In the early stages of the Henderson sage, the Team Quest fighter relied heavily on his wrestling skills, later realizing the ridiculous one-punch knockout power he now possesses and relies on frequently.
Henderson dropped Silva early, though the Chute Boxe product showed his resolve, later using his high-level conditioning and pace to wear down the Californian, eventually taking home the close decision victory.
Kazushi Sakuraba II, PRIDE 17
Though Silva already owned a TKO victory over Kazushi Sakuraba, the Brazilian was pitted against the fan favorite once again, this time the stakes were a little bit higher.
The fight was set to determine the organization's first middleweight champion. Much like their first outing, Silva throttled Sakuraba every which way, both on the feet and on the ground.
Eventually, after the first round concluded after 10 minutes of gritty action, Sakuraba was deemed unfit to continue when ringside doctors called a halt to the bout, declaring Silva the winner by TKO.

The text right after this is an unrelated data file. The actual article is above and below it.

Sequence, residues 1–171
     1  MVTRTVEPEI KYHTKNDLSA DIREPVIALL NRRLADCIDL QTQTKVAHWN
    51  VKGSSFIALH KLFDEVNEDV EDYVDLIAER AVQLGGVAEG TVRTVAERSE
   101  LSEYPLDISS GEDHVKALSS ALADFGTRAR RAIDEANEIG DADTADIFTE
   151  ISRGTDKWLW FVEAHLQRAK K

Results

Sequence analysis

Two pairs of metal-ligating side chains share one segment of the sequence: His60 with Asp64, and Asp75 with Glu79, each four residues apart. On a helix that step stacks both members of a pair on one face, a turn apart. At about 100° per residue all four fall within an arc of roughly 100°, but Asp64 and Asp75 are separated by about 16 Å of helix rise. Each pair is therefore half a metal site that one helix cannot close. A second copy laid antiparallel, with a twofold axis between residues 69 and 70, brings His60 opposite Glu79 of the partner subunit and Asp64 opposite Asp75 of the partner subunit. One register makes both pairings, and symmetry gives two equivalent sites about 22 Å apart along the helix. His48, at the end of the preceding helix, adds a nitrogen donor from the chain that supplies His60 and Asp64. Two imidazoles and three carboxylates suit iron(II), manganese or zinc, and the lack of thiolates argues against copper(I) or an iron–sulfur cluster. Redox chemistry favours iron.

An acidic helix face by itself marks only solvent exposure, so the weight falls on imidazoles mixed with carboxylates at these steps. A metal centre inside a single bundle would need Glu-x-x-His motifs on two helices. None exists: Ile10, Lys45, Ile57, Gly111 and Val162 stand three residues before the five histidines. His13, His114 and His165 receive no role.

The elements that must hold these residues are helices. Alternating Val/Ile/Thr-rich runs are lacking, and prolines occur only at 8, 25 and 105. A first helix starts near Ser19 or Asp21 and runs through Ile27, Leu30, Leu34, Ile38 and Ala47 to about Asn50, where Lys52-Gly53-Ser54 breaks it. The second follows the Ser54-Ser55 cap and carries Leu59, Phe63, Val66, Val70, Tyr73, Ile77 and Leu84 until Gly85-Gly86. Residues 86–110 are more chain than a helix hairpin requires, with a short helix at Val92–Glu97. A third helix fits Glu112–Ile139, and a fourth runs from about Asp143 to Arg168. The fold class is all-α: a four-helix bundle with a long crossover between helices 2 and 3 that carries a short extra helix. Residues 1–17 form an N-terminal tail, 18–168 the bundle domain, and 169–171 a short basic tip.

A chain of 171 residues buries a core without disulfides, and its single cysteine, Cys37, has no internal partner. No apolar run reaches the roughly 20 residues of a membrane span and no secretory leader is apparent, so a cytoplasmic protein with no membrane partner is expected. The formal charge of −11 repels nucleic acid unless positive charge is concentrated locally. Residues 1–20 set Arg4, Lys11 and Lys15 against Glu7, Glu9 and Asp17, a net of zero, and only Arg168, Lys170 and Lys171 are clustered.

With the victory, Silva claimed the 205-pound title which marked only the beginning of his long and arduous run through the promotion.
Quinton Jackson, PRIDE Final Conflict 2003
Whilst the PRIDE middleweight champion, Silva entered the organization's 2003 Grand Prix where he met with the heavy-handed Quinton Jackson, who would later go on to become his greatest rival.
Jackson proved formidable early, working Silva to the mat courtesy of his wrestling background. Once Silva worked his way back to the feet, the Muay Thai specialist blasted away with knees and punches galore when moments later the referee mercifully halted the bout.
With the TKO victory, Silva earned a second belt to add to the mantle, becoming the 205-pound Grand Prix champion in the process.
Ricardo Arona II, PRIDE Shockwave 2005
In the most talent-laden field of competitors, Silva took part in the PRIDE Middleweight Grand Prix in 2005 which featured 16 of the best fighters in the world.
In the semifinal round, Silva was upset by fellow countryman Ricardo Arona, who hailed from the rivaling camp in Brazilian Top Team.
The ADCC Submission Wrestling world champion had earned a shot at Silva's title with his initial decision victory. In a back-and-forth battle, Silva edged Arona just enough to take home the decision win, avenging the previous loss and reasserting himself as one of the best fighters in the division.